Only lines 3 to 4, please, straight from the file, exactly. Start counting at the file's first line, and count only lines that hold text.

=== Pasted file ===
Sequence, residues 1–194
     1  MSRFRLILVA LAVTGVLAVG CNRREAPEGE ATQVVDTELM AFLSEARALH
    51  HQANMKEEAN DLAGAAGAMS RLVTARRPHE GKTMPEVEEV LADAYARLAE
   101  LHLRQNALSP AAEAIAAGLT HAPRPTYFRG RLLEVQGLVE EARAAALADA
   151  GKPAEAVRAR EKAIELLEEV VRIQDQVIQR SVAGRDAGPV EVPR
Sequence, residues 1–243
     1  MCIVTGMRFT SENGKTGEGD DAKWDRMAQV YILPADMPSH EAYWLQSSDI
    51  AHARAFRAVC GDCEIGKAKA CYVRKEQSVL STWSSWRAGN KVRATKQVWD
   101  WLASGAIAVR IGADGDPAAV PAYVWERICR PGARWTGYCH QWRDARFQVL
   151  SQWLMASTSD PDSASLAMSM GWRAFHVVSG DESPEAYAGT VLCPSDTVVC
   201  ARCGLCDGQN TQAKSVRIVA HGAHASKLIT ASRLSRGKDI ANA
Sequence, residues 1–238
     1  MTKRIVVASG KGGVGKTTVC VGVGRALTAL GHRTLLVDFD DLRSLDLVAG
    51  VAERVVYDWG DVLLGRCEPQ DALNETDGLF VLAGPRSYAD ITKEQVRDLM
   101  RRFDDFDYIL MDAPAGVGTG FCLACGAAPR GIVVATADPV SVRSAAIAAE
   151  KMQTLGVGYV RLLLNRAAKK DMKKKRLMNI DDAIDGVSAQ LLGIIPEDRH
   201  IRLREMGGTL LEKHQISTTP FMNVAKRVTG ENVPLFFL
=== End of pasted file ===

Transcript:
    51  HQANMKEEAN DLAGAAGAMS RLVTARRPHE GKTMPEVEEV LADAYARLAE
   101  LHLRQNALSP AAEAIAAGLT HAPRPTYFRG RLLEVQGLVE EARAAALADA